Controversial new powers which have allowed India’s drug pricing authority to set the prices of non-essential drugs have now been withdrawn.

Internal guidelines issued by the National Pharmaceutical Pricing Authority (NPPA) on May 29 this year allowed the agency, in July, to cap the prices of 108 products which are not included on the National List of Essential Medicines (NLEM). 

The NPPA had said it would regulate the prices of these products, which are mainly used in the treatment of diabetes and cardiovascular conditions, because the significant price differences between brands for the same drug were “indicative of a severe market failure.”

However this week, a notice on the NPPA website states simply that the May 29 internal guidelines, issued under Paragraph 19 of the 2013 Drug Price Control Order, “are hereby withdrawn with immediate effect.” The July price ceilings are not affected by the guidelines’ withdrawal, it is reported.

The NPPA is empowered to set the prices of essential medicines, but a special provision under Paragraph 19 also permits it to fix the price of any medicine “in extraordinary circumstances, if it considers necessary to do so in the public interest.”

The imposition of price caps on non-essential drugs had come as a shock to the industry, and industry groups commenced legal challenges to them in the Delhi and Mumbai High Courts.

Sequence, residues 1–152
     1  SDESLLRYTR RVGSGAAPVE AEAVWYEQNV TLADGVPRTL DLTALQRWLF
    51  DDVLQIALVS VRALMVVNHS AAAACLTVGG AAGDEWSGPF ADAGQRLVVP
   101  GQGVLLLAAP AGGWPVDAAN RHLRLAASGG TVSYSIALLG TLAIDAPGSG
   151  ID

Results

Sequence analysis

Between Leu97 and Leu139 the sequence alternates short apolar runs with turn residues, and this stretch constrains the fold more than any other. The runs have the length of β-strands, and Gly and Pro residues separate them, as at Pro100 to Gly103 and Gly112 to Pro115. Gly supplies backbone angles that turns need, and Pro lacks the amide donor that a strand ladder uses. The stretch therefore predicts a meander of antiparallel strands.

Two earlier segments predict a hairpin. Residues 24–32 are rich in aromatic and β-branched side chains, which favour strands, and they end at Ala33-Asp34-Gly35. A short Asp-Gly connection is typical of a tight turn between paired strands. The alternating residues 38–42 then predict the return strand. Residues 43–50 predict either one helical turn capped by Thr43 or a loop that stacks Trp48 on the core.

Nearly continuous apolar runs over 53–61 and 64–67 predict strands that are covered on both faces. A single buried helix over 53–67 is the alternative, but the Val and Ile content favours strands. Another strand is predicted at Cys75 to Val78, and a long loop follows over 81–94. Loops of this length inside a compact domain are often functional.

The Indian Pharma Alliance, a domestic drugmakers group, noted that inter-brand price differences have always existed and would be found “in every single formulation which is manufactured by more than one formulator.” By that logic, every drug which has more than one manufacturer would come under price control, the group added. 

And the Organisation of Pharmaceutical Producers of India (OPPI), which represents the research-based companies in the country, pointed out that NPPA’s notification had extended beyond the mandate of DPCO 2013, which “clearly states the ‘intention of the policy is to bring the essential medicines under price control and not to control the Indian pharmaceutical industry’.” 

OPPI had urged the government to rethink the decision, which it said would be “detrimental to the investment climate for market expansion, brand-building and employment generation in the future.”

- In mid-September, the NPPA added another 36 products to the 348 already included on the NLEM, which covers around 30% of medicines sold on the market.

These newly-listed products included the antibiotic ciprofloxacin, metformin for the treatment of diabetes and the antipsychotic Thorazine (chlorpromazine). Earlier in the month, the NPPA also said that it would be auditing the manufacture of price-capped antimalarials, rabies vaccine and snake anti-venom, to ensure that production remained at normal levels following recent supply shortages.